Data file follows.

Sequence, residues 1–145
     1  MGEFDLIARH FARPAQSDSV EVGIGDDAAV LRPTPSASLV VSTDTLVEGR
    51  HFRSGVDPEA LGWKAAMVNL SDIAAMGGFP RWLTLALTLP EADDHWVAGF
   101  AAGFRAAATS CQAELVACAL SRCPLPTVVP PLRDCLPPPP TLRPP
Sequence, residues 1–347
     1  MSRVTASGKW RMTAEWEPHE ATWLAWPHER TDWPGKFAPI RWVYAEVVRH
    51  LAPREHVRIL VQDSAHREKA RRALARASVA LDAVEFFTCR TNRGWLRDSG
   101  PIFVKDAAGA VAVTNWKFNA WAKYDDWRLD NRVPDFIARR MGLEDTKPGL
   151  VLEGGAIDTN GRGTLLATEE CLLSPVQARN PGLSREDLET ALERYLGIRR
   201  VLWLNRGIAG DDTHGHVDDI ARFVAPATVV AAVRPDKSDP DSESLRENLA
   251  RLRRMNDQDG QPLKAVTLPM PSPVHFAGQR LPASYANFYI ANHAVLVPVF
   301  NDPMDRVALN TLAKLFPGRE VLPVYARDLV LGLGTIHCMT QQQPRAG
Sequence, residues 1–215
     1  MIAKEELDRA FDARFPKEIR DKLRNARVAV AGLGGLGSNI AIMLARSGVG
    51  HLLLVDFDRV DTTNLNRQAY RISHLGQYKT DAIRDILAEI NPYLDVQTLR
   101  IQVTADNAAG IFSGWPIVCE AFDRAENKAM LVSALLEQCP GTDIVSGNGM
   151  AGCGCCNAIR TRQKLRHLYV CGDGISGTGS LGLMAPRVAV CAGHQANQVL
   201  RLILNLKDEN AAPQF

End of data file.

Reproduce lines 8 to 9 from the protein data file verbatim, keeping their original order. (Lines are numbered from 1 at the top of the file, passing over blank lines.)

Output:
   101  PIFVKDAAGA VAVTNWKFNA WAKYDDWRLD NRVPDFIARR MGLEDTKPGL
   151  VLEGGAIDTN GRGTLLATEE CLLSPVQARN PGLSREDLET ALERYLGIRR